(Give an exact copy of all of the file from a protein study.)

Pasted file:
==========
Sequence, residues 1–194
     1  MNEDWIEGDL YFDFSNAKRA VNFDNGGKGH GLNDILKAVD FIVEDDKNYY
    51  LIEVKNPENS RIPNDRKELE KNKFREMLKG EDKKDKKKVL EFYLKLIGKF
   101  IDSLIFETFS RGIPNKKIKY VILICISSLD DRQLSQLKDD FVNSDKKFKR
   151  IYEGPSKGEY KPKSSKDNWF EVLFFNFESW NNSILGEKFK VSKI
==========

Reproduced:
Sequence, residues 1–194
     1  MNEDWIEGDL YFDFSNAKRA VNFDNGGKGH GLNDILKAVD FIVEDDKNYY
    51  LIEVKNPENS RIPNDRKELE KNKFREMLKG EDKKDKKKVL EFYLKLIGKF
   101  IDSLIFETFS RGIPNKKIKY VILICISSLD DRQLSQLKDD FVNSDKKFKR
   151  IYEGPSKGEY KPKSSKDNWF EVLFFNFESW NNSILGEKFK VSKI